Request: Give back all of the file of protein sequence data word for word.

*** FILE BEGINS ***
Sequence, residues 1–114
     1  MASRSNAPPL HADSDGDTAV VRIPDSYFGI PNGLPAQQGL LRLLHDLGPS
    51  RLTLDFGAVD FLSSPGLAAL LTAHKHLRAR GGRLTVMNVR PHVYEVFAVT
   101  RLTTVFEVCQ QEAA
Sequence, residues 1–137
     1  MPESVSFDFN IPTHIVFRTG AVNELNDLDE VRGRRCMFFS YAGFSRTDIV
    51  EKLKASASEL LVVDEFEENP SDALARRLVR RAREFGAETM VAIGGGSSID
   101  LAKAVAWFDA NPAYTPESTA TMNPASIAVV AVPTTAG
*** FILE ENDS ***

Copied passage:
Sequence, residues 1–114
     1  MASRSNAPPL HADSDGDTAV VRIPDSYFGI PNGLPAQQGL LRLLHDLGPS
    51  RLTLDFGAVD FLSSPGLAAL LTAHKHLRAR GGRLTVMNVR PHVYEVFAVT
   101  RLTTVFEVCQ QEAA
Sequence, residues 1–137
     1  MPESVSFDFN IPTHIVFRTG AVNELNDLDE VRGRRCMFFS YAGFSRTDIV
    51  EKLKASASEL LVVDEFEENP SDALARRLVR RAREFGAETM VAIGGGSSID
   101  LAKAVAWFDA NPAYTPESTA TMNPASIAVV AVPTTAG